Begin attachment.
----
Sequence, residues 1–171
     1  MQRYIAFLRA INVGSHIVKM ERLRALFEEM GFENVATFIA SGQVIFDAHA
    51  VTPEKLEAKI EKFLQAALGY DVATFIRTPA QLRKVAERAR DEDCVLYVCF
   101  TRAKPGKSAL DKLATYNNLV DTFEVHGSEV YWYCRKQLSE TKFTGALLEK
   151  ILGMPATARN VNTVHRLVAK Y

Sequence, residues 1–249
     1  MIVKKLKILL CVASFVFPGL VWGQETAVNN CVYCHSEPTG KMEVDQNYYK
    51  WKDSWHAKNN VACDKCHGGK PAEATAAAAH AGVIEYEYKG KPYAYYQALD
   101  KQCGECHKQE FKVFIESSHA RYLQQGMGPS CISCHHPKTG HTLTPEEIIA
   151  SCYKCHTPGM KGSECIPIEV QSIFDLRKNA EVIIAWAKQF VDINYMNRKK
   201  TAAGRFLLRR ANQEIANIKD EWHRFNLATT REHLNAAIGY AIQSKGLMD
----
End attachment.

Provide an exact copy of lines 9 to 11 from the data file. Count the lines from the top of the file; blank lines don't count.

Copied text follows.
   101  KQCGECHKQE FKVFIESSHA RYLQQGMGPS CISCHHPKTG HTLTPEEIIA
   151  SCYKCHTPGM KGSECIPIEV QSIFDLRKNA EVIIAWAKQF VDINYMNRKK
   201  TAAGRFLLRR ANQEIANIKD EWHRFNLATT REHLNAAIGY AIQSKGLMD